Where is the Movement?
Posted by jembendell on July 18, 2011
This week is the 10th anniversary of the mass protest against the G8 in Genoa, Italy. Hundreds of thousands of protesters called for a systemic change in the global economic system, forming something called an ‘anti-globalisation’ movement by the mass media, or what was known by many activists as the global justice movement. In Genoa, behind huge metal barriers, leaders met while anti-aircraft missile launchers scanned the skies. We thought it a bit of an over-reaction; but we didn’t have the benefit of memos about Bin Laden. The (now proven) agent provocateurs helped the black block protestors create conditions for police to then brutalise many peaceful protesters. One protester, Carlo Giuliani, was shot and killed by a policeman. The violence led many people, myself included, to question whether they wanted to be involved in such demonstrations in future. Perhaps that was the intention of the reactionary elements in the Italian government. Yet there was another limitation to the protests. The movement had become defined by the media as the protest, because the cameras showed up at demonstrations. Yet a movement is motivated by the values and awareness of people, and that exists all year round, not just during a protest. It was the values and vibrancy of the activists that was key, and expressed in many other ways all year round, such as choices of work, ways of working in the community.
10 years on its a good time to look back, recall the mood and spirit of the activism, and see how the vibrancy of that time throws light on the choices many of us have made since. To conjure up a sense of the feelings involved back 10 years ago, here is a snippet from my last book:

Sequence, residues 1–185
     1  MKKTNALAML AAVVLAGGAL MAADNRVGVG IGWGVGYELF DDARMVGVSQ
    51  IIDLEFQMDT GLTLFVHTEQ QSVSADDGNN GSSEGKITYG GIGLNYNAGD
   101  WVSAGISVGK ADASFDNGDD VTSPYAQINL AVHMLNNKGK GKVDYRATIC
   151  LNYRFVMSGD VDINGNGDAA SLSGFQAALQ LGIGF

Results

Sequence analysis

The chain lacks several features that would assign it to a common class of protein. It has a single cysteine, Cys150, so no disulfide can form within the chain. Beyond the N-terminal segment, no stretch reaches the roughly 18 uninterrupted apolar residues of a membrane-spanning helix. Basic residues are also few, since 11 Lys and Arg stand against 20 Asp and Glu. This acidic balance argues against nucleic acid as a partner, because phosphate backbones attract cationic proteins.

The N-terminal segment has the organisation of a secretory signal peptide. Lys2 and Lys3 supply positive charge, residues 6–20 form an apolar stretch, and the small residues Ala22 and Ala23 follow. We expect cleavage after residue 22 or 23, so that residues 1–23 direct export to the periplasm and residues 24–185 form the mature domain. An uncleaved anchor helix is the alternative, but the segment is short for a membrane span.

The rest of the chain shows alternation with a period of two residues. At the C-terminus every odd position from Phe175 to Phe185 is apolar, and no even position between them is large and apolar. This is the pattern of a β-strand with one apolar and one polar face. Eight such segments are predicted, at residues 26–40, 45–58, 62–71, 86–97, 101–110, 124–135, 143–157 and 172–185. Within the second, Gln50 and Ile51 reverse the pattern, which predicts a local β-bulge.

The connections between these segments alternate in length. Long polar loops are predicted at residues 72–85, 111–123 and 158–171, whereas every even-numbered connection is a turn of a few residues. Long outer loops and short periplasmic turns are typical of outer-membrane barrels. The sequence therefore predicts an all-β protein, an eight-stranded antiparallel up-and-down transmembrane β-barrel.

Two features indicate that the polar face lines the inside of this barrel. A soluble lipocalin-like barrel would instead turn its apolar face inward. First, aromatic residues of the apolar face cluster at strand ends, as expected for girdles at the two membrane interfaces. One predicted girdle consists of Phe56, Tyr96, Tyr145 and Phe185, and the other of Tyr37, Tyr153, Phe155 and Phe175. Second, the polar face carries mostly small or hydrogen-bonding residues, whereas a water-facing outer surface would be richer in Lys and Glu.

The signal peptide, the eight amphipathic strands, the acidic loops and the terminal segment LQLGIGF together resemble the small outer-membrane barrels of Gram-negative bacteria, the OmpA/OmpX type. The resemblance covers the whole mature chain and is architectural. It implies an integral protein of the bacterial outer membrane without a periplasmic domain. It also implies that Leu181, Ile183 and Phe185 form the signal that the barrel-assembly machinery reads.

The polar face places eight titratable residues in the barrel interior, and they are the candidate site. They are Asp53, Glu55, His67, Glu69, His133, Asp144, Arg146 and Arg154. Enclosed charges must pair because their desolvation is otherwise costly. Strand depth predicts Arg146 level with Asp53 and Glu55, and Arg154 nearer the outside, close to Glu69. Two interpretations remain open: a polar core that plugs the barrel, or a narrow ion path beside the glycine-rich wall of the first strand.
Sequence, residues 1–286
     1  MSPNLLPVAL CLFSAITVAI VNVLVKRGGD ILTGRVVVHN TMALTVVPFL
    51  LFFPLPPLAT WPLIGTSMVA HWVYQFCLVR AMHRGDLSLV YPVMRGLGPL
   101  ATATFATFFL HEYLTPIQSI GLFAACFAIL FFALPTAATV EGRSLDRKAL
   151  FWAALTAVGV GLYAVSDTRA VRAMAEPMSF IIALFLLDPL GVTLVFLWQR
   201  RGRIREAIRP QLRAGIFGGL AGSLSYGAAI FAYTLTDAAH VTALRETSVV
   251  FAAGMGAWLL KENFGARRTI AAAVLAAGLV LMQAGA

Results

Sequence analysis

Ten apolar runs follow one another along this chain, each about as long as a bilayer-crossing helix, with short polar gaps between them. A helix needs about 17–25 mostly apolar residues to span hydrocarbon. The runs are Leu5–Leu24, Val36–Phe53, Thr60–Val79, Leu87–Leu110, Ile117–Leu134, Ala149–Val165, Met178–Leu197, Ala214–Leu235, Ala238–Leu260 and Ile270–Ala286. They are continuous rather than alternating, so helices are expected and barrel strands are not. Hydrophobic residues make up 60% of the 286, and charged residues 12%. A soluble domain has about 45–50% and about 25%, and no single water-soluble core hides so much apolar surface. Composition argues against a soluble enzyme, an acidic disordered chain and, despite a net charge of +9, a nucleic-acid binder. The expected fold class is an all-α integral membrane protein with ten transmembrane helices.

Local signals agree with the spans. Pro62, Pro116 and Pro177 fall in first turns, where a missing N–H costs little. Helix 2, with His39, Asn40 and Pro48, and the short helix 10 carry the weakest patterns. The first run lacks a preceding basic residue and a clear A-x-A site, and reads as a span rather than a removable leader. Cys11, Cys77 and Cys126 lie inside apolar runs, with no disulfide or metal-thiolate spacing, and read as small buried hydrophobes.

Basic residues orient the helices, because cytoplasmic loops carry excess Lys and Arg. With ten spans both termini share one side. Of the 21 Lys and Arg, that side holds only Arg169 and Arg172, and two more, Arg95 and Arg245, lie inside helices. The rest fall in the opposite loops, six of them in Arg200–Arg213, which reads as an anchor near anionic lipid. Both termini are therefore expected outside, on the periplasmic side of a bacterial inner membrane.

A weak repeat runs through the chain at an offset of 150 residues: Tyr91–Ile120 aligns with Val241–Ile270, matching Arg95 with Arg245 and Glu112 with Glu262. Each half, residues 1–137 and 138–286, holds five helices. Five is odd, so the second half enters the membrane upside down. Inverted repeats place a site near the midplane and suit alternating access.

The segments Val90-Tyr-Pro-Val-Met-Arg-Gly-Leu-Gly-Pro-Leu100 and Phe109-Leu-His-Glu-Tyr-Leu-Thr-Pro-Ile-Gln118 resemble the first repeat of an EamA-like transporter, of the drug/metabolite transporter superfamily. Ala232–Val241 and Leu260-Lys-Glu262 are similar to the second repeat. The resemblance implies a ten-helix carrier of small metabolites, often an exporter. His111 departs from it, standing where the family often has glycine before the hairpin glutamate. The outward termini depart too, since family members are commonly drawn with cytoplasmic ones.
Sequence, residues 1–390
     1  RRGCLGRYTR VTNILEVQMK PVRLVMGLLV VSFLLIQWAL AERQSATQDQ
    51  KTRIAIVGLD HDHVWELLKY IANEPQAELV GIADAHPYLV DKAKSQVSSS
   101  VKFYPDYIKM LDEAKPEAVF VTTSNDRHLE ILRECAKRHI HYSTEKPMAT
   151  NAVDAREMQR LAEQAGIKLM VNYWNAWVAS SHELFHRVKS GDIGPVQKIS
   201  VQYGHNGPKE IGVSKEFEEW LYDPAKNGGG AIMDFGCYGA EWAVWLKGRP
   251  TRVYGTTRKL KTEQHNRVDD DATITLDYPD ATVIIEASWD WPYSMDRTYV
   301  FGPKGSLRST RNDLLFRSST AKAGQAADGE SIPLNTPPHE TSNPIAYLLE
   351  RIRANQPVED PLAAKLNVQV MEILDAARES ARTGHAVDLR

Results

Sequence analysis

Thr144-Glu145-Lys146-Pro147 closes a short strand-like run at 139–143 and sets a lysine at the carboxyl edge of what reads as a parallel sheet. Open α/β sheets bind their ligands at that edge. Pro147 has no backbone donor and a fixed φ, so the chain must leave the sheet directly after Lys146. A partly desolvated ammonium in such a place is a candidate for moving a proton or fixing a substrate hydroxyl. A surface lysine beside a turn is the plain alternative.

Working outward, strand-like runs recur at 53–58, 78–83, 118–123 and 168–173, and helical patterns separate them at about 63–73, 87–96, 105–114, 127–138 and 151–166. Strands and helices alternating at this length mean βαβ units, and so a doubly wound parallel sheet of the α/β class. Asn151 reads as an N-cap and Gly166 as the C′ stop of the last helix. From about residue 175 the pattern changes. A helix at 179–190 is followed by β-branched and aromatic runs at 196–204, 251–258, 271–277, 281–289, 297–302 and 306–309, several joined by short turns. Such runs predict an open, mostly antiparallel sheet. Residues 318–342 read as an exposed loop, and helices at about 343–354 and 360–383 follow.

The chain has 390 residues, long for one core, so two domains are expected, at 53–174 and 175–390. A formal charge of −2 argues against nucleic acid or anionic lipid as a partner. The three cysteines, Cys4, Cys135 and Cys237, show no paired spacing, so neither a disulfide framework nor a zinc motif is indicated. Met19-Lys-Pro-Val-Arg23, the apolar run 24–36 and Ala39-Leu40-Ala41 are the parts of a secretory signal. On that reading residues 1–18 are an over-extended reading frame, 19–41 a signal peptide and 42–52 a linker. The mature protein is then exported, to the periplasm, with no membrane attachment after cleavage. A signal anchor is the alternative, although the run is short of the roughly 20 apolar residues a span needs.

“Rolling onto my back, I lay my head on a rucksack, staring into the night sky. The tarmac still pushes up through my sleeping bag, but somehow it feels more comfortable this way. I think of the few times I have slept out in the open, in fields after parties, or on beaches while travelling—times when I could revel in the sense of floating through the immensity of space, secured on the edge of a cosmic plan, or comic fluke, called planet Earth. But tonight I can’t drift away with thoughts of the infinite expanse of space. Police helicopters hover above, their cones of light traversing the car park like manic stilts. Dreaming is not permitted. It’s the G8 Summit in Genoa, 2001. I stretch my neck. My face feels sticky with the residue of vinegar I was told would help me during tear-gas attacks. Are we being searched for or spotlighted, I wonder? If they shine their lights on us for long enough, perhaps they’ll discover what they’re looking for? Perhaps we’re all here to discover what we’re looking for—something different, something possible? I can’t sleep and turn to Rik, a guy I met on the streets during the day. ‘D’you want to hear my poem?’ he asks. ‘Yeah, why not . . . ?’
Possessed by possessions
Lord and Master of all we owe
Belonging to belongings
It’s a disaster, I know
Chained to the mundane
Our reference frame is physical
Every day the same old same
And if God’s not dead
He must be mad
Or deaf and dumb
Still smarting over Christ, perhaps
The way the people have been had
But in our defence
I’d like to say
We nearly chose the proper path
But lost the plot along the way
You’ve got to laugh
It’s not our fault
It’s just the toys we made
Made such a lovely noise
And girls and boys
Are high and dry
Time to bid